Medical Uses for Infrared Laser Diodes
Diode lasers functioning at infrared wavelengths have already proved effective in the treatment of acne, wrinkles, acne scarring, atrophic scarring, varicose (saphenous) veins, hyperpigmentation, rosacea and in the rejuvenation of skin to promote collagen regrowth and increased tautness. Diode lasers can also be used for blood coagulation, heat therapy, and for non-invasive surgery.
The treatment and reduction of acne, acne scars, wrinkles, and rosacea are the most popular targets for non-ablative facial treatments with diode lasers. Unlike Ablative Facials, which completely remove the epidermis causing swelling and crusty scabs and require at least a week of recovery, there is very little pain associated with nonablative procedures and virtually no downtime.
Infrared Lasers and Nonablative Facial Treatments
While ablative treatments are very effective in the treatment of rough facial skin, facial wrinkles, and dyspigmentation, they are accompanied by a long and painful recovery time. These treatments remove the epidermis (outer skin) and even part of the dermis, so patients experience crusting and swelling of the skin and significant discomfort as the skin heals.
An alternative to ablative full-face laser resurfacing cosmetic procedures is nonablative facial treatment with an infrared diode laser. Infrared diodes in medical lasers, specifically operating at 1450nm, are often used in nonablative treatments for the reduction of wrinkles and elimination of acne. 1450nm laser diodes cause the least amount of downtime compared to pulsed dye lasers, IPLs, and Nd:Yag lasers, with only a few hours of swelling or redness and minimal side effects. 1450nm laser diodes are also safer to use on patients of color because infrared lasers are less likely to cause pigmentary reactions.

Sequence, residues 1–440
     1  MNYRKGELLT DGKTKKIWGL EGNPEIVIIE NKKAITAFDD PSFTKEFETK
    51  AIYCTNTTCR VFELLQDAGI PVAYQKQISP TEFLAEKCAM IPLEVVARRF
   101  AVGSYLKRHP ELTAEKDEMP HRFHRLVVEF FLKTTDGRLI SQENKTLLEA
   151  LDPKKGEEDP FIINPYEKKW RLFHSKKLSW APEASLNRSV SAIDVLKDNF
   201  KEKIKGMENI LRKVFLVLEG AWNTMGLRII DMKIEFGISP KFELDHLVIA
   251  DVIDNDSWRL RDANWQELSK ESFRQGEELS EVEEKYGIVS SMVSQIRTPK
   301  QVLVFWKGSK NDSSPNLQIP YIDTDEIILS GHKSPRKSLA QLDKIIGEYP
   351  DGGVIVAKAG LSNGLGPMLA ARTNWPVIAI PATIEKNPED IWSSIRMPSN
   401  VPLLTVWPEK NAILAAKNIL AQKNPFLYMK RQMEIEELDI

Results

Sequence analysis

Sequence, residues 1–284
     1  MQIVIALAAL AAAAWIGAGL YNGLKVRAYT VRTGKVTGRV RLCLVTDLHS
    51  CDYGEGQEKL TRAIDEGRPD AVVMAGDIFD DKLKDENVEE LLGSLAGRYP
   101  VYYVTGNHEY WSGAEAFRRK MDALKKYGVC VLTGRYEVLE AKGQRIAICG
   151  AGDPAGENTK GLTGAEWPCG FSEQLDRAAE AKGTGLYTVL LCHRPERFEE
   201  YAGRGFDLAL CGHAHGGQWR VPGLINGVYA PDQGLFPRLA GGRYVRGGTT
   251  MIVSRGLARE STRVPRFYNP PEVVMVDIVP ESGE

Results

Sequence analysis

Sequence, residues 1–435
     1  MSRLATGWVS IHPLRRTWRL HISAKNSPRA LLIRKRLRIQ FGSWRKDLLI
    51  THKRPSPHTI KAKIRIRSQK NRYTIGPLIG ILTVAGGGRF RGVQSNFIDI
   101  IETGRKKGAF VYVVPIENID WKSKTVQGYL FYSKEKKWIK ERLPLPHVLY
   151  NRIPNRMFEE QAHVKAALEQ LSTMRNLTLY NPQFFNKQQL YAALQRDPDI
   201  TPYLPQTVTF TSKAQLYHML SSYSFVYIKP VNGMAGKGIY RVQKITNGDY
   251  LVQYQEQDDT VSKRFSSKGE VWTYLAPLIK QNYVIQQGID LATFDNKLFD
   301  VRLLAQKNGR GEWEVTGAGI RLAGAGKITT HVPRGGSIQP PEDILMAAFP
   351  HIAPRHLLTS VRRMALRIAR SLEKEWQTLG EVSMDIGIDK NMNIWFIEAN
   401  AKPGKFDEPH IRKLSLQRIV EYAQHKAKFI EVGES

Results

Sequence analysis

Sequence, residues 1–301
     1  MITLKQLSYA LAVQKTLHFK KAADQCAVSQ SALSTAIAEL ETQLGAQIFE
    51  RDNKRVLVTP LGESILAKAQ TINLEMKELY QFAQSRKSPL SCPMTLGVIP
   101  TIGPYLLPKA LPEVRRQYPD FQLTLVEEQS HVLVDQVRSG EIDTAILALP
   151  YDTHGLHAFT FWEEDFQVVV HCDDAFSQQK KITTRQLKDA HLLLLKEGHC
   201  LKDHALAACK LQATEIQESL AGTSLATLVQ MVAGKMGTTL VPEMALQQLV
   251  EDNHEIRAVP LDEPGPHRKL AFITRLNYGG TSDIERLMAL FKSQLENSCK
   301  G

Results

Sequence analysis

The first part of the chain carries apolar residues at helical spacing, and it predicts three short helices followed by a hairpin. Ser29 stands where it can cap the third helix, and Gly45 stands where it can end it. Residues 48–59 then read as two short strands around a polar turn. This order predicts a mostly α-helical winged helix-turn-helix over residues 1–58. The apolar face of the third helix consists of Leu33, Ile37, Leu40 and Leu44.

Medical laser treatments aim for collagen production by destroying dermis cells. As the cells repair themselves, collagen production is increased, giving skin a fuller, healthier look. Acne procedures destroy the sebaceous glands responsible for oil production and can help those with moderate to severe acne enjoy clear skin. Non-ablative facials allow for more less expensive, more frequent treatments than ablative facials with less downtime and equal if not greater efficacy.
Medical Lasers and the Treatment of Leishmaniasis
Leishmaniasis is a disease spread by sand flies which infects the blood and causes lacerations and wounds on the skin. These wounds are unresponsive to typical treatments for sores on the flesh and are only treatable when accurately diagnosed. If untreated, the wounds will eventually heal, generally after a year, but the disease continues to live in the blood stream and ultimately causes organ damage and failure. Research shows that heat therapy can help speed the process of wound healing, especially when used in conjunction with the traditional treatment for leishmaniasis, sodium stibogluconate.
In the future, researchers hope to implement laser therapy in the treatment of cutaneous leishmaniasis to ease and quicken the recovery from the disease. If medical lasers do prove useful, the discovery would greatly benefit soldiers afflicted with leishmaniasis while overseas in the Middle East, who would otherwise be flown out of combat areas for treatment. If laser light proved effective in treating leishmaniasis, a handheld product could be distributed to medical centers in combat areas, and the victims of leishmaniasis could be treated effectively on site.